When the British car-making companies fell on hard times, their sports cars and economy sedans went away with disturbing regularity, but their pride kept Jaguar and Land Rover going. For a time, both were owned by Ford. Since being cut adrift, they were jointly bought by Tata Motors of India, which raised all sorts of eyebrows because people wondered about the situation. But India, with its enormous population, has followed right behind China rising to the top of the car market, and Tata Motors financial strength has allowed Jaguar and Land Rover to make stirring comebacks in the industry.

    Both are still built in the United Kingdom, with Jaguar coming up with several new designed sports cars, sedans and crossover SUVs from its Coventry, England, home, while also building some new and impressive engines. Land Rover has an assembly plant in Solihull, U.K., and by its arrangement with Jaguar, Land Rover now shares several Jaguar engines.

   Presumably the sharing works both ways, and when Jaguar started building a crossover SUV, who better to come to for advice than Land Rover?

   When I first tried out any Range Rover, I was astounded by the sturdy girders that passed for frame rails. Heavy, yes, but impervious to any damage or shock from the most strenuous off-road driving. Hence my assessment of heading for Hudson Bay without roads.

   Also, the gang at Land Rover is absolutely the best at laying out off-road facilities that test every capability of their vehicles. While I didn’t get into any serious off-roading this time, the 2-speed electronic transfer case in the test vehicle also had terrain response with switchable alterations for general driving, snow, mud, or sand.

Quality leather and real wood trim adorns the smooth and firm interior.

   I’ve driven Range Rovers through some of those prepared courses, which are located in various parts of the world, but challenging the harshest natural terrain is best. One of my most exciting driving ventures was when I was invited to test a new model on a climb up to and along the Continental Divide in the Rocky Mountains. Each vehicle included two journalists and a professional Land Rover driving instructor, who, at various points, would jump out, walk carefully ahead of us, then signal us to delicately complete a near-U-turn at certain switchbacks, where we had a mountainside on one side, and about a half-hour fall on the other. You are not thinking so much of high-tech stability control or roll stability control, or even the four-channel braking system, when your adrenaline high is focused on survival.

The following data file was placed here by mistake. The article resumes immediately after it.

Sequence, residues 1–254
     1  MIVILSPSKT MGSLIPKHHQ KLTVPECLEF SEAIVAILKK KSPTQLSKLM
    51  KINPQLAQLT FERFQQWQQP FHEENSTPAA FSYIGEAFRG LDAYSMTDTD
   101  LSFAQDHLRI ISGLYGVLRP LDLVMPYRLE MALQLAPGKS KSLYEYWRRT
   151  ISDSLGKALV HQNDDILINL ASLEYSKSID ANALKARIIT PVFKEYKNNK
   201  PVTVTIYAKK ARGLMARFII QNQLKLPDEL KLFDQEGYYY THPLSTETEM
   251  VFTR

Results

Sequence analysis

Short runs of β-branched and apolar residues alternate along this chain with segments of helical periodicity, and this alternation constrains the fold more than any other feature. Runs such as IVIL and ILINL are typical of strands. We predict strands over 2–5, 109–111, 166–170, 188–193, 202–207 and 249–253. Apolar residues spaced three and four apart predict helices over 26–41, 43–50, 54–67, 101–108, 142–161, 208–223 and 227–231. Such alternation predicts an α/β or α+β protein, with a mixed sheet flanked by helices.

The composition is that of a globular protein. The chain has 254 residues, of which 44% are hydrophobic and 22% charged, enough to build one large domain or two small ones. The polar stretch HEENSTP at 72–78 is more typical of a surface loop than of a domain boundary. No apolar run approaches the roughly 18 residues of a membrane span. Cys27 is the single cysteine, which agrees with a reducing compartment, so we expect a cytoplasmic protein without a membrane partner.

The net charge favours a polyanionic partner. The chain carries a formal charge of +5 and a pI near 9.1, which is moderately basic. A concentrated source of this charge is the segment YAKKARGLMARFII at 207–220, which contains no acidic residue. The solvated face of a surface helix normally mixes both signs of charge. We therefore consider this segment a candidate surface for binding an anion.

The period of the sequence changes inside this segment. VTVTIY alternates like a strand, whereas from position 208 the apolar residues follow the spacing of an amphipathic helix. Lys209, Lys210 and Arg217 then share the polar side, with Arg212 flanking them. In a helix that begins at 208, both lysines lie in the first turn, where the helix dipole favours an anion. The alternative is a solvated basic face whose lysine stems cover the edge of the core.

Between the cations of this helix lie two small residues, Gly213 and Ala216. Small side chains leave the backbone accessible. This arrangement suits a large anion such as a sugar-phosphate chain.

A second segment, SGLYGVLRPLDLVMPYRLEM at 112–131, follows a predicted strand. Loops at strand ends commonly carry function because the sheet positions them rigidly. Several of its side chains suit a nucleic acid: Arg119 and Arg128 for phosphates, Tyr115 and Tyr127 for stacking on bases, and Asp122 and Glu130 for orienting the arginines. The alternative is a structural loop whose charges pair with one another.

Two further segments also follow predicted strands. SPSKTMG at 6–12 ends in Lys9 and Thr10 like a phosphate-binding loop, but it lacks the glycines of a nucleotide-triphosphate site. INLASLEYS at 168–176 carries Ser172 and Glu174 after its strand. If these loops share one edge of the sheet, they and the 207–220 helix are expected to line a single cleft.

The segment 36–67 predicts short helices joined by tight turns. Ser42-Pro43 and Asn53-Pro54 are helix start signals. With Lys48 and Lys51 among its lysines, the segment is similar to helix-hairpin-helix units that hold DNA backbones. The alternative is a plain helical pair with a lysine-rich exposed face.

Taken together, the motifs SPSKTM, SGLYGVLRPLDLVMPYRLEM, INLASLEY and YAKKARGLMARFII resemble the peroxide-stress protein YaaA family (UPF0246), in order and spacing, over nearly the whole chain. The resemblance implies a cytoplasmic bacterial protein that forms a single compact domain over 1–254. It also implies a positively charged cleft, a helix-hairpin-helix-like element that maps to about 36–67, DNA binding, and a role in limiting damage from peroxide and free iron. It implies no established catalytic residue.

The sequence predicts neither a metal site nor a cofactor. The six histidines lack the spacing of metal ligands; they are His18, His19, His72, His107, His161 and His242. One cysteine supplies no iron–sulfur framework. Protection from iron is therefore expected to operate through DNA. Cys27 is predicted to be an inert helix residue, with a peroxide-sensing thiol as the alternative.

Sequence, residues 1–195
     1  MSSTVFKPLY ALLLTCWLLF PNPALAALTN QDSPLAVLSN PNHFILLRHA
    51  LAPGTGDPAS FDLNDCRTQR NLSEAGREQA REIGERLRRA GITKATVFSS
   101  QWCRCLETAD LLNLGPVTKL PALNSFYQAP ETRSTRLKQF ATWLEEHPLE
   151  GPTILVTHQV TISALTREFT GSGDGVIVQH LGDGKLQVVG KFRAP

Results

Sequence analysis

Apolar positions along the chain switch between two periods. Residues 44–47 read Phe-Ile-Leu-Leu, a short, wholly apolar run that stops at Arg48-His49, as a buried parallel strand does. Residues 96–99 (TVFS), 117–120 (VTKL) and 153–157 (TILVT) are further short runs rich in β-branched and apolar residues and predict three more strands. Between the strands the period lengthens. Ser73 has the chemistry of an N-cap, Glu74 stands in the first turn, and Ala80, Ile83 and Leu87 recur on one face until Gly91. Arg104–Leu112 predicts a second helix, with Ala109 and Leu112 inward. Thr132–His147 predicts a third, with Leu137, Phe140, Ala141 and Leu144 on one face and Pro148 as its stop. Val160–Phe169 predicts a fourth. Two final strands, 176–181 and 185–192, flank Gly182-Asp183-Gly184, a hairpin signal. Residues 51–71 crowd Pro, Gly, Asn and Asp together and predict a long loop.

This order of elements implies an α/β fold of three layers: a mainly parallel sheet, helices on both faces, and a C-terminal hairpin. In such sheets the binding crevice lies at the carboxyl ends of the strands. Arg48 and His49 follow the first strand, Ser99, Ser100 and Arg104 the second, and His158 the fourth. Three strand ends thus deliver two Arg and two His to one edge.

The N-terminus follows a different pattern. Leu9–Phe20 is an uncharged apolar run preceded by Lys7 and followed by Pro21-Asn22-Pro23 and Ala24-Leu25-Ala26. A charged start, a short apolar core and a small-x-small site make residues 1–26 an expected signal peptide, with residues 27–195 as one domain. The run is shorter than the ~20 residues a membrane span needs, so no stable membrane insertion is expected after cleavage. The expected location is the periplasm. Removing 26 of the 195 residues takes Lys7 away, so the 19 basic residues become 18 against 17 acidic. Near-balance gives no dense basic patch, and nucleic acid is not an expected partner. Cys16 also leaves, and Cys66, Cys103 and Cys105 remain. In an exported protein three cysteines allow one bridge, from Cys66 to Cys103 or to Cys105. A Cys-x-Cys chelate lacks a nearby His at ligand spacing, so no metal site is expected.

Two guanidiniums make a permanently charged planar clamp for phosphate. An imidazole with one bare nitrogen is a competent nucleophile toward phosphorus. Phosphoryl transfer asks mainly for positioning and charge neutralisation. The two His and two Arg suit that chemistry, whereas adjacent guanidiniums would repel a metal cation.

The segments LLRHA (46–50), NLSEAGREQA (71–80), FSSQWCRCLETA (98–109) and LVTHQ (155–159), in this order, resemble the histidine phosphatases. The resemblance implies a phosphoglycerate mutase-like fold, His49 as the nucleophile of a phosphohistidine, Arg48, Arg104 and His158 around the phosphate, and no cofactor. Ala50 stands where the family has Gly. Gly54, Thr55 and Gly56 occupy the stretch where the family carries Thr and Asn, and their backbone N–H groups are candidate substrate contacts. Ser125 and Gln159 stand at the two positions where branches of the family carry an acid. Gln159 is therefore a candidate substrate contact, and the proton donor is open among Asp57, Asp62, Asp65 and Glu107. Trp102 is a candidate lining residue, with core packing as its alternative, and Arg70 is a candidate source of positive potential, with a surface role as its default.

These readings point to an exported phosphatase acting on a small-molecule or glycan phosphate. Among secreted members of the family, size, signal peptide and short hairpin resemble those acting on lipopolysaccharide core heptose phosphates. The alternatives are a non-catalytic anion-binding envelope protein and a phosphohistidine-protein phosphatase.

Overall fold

After a particularly challenging part of the descent, when my co-driver said he wasn’t feeling well and requested that I continue driving. One of the highlights of my test-driving history, which is approaching 50 years, was when our trail instructor confided in me that he was very pleased and relieved when I “had to” drive the rest of the trek. You could probably check in the New Car Picks archives to find my evaluation of that trip, as well as some of the most spectacular photos I’ve ever shot, while picking our way down that mountainside.

    The current vehicle represents about a decade of improvement, which accompanies a decade-worth of secure financial backing. All of the current safety features and convenience items are incorporated into the new Range Rover. For example, there is a split rear hatch, and when you hit the switch on the key-fob the top part swings up and open. There is still a large lower sill, however, so you tap another switch, and power swings the lower part out and down.

   Neat little signature ambient lighting shows a logo on the street next to your door, and along with front and rear parking aids, the vehicle also had lane departure warning and autonomous emergency braking. Rain-sensing wipers and a huge panoramic sunroof, are complemented by such safety elements as a perimetric alarm with an engine immobilizer. 

Slight aerodynamic tweaks to straight British styling are barely discernible, but classy.

The exterior and interior share a pristine, almost sterile simplicity. Inside, real wood trim and the finest smooth leather surrounds occupants, with straight surfaces and no frills. Outside, same thing, with the paint named Scotia Grey. I like the Scotland reference, and I really like “grey” spelled that way.

   Adding things like connectivity, a high-powered audio system and heads-up display, always offset by real-world things like a serious hill-descent control are measures of Range Rover upgrades. And, recalling our drive down from the top of the Rocky Mountains, trust me that the hill-descent control is as good as it gets.